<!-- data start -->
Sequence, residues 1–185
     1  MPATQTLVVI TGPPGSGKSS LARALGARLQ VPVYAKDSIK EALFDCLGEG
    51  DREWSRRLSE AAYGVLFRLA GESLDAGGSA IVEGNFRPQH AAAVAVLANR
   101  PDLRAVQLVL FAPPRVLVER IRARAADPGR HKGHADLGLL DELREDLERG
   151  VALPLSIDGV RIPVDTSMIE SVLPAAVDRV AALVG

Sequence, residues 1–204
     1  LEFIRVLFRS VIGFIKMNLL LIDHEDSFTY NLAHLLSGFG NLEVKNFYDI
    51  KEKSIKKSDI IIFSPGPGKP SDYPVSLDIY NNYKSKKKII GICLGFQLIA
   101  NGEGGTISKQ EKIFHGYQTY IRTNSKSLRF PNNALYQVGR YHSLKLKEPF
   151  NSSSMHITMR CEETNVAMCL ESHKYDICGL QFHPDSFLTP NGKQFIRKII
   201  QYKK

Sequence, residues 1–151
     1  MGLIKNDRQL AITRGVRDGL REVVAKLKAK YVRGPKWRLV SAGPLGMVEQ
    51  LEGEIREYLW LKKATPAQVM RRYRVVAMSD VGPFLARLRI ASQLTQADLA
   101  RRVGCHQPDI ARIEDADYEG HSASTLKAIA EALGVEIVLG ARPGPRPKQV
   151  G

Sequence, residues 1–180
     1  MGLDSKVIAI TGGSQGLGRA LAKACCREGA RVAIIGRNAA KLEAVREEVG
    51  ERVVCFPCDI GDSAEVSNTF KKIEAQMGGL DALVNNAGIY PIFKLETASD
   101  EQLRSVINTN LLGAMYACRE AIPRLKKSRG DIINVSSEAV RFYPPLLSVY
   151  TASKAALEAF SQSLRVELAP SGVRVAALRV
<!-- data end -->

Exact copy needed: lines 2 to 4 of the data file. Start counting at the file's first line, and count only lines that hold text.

     1  MPATQTLVVI TGPPGSGKSS LARALGARLQ VPVYAKDSIK EALFDCLGEG
    51  DREWSRRLSE AAYGVLFRLA GESLDAGGSA IVEGNFRPQH AAAVAVLANR
   101  PDLRAVQLVL FAPPRVLVER IRARAADPGR HKGHADLGLL DELREDLERG